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Need for Speed (3D) (AF)


Stars: Aaron Paul, Dominic Cooper, Imogen Poots, Michael Keaton, Scott Mescudi, Rami Malek, Ramon Rodriguez, Dakota Johnson

Director: Scott Waugh

It seems a tad surprising that, with the ‘Fast and Furious’ series breeding sequels like an oversexed white mouse on steroids, Hollywood would bother with yet another roaring road racing offering.

However, despite the thrill the next ‘Fast and Furious’ movie has in store when Jason Statham will join forces Vin Diesel and company, director/editor Scott Waugh’s take on the established four-wheel action thriller (based on a mega-selling video game) refreshes a genre that seemed to be heading for a cul-de-sac.

The basic storyline is simple – street racer Aaron Paul (“It was a blast to film”, he said at the screening) gets out of jail after two years, having been framed by Dominic Cooper for a crime he did not commit and sets out for revenge by beating Cooper in the ultimate cross country car race which involves him in driving from New York to California in 45 hours or less with English-to-the-nth degree Imogen Poots as an understandably nervous passenger…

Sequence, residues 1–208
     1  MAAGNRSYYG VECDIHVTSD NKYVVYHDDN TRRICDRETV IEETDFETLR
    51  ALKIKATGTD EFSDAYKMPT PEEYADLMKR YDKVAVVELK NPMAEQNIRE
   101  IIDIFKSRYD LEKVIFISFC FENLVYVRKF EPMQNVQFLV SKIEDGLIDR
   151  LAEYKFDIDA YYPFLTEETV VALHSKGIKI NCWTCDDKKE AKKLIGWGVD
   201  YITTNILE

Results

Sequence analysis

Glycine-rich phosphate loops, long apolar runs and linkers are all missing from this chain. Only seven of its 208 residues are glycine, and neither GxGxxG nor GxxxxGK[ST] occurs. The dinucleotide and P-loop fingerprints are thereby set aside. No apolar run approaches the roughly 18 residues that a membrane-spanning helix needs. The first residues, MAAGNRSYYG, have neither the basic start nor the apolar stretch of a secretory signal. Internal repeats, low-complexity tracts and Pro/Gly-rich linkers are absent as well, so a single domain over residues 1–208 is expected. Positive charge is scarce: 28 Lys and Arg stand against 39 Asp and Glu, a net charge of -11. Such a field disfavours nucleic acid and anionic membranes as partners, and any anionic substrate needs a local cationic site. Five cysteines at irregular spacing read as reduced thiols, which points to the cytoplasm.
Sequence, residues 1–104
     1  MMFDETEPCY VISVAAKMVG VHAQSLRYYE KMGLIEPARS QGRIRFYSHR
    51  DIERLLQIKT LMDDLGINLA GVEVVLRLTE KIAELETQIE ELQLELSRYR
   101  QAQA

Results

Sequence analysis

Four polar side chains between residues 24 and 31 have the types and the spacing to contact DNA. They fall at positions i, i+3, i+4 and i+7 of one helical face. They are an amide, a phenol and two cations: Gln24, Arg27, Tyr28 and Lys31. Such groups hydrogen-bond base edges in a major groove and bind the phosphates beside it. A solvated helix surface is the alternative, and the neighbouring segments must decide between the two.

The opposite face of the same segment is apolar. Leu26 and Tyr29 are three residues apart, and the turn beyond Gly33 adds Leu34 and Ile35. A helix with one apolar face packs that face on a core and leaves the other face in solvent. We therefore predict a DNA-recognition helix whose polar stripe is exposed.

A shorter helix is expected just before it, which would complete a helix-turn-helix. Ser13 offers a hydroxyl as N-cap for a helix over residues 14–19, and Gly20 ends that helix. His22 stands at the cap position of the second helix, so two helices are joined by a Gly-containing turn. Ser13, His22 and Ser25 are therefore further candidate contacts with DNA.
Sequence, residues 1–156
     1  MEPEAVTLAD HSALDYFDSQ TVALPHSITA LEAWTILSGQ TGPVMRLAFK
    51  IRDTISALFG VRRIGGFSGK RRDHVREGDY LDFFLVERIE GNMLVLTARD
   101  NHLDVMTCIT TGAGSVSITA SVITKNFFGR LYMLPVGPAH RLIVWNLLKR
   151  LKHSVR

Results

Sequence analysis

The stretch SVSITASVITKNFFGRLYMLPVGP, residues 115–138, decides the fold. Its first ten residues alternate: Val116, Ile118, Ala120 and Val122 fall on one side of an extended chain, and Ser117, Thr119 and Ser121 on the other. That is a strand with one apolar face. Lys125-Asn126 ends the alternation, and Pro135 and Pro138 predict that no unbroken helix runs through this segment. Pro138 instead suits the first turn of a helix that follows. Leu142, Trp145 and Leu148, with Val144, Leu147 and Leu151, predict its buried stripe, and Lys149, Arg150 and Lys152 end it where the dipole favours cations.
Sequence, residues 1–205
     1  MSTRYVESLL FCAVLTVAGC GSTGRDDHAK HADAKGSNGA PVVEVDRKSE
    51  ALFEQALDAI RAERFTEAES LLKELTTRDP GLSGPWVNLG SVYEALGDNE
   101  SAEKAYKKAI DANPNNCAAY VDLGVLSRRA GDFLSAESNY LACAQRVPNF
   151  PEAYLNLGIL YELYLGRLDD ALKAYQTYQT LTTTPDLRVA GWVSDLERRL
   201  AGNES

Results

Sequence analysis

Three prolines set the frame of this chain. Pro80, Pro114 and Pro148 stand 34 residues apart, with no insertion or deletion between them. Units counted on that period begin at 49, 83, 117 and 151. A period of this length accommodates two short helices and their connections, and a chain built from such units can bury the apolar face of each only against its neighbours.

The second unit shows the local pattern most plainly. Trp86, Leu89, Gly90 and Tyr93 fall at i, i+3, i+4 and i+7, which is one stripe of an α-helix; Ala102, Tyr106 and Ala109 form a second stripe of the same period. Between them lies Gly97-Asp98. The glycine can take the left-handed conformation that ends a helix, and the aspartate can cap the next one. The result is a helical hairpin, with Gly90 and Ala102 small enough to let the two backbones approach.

Waugh’s ‘get-down-to-business style’ of delivering suspense and action rather than seeking auteuristic artiness suits the story down to the ground (and in the air, too, where Paul’s accomplice guides him past problems from a light aircraft and a helicopter). And, happily, instead of the usual avalanche of CGI effects, Need for Speed scores strongly and excitingly, thanks to the extraordinary work of drivers who ignore the need for movie magic in favour of staging the stunning real life stunt action that gives the film its driving force.

Action, action and more four-wheeled action is the film’s raison d’etre and it delivers in top gear. And there was one splendidly cynical joke, too, when someone (not Mr Morgan, to be fair) announces, “I really love Piers Morgan!”

From the beginning at a Mt Kisko drive-in cinema showing, appropriately, ‘Bullitt’ to the never-in-doubt climax, Need For Speed entertains on a vivid visceral level, effectively potentiated by Shane Hurlbut’s fine 3D cinematography and Oaul Rubell and Waugh’s editing. (And you don’t need even to be a fan of Paul’s Breaking Bad to get a kick out of it).

Alan Frank

USA 2014. UK Distributor: EntertainmentOne. Technicolor.
126 minutes. Widescreen. UK certificate: 12A.

Guidance ratings (out of 3): Sex/nudity 0, Violence/Horror 2, Drugs 0, Swearing 0.

Review date: 16 Mar 2014